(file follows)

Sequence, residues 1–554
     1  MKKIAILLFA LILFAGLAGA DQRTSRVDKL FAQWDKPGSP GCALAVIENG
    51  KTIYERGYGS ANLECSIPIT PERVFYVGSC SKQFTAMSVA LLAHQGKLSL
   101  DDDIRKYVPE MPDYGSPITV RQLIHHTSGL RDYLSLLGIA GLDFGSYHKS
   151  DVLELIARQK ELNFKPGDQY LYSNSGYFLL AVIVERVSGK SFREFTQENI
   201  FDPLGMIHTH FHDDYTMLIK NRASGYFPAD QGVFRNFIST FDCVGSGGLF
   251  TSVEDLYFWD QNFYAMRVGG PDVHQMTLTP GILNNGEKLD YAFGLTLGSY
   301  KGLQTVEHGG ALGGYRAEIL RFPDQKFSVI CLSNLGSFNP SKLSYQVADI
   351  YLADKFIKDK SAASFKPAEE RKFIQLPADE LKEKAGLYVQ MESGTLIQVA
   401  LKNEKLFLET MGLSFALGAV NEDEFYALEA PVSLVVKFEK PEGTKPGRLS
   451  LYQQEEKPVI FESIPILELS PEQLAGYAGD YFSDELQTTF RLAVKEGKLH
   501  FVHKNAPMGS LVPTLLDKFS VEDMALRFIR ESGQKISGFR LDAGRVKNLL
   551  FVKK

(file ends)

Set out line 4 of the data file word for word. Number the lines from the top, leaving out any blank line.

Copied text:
   101  DDDIRKYVPE MPDYGSPITV RQLIHHTSGL RDYLSLLGIA GLDFGSYHKS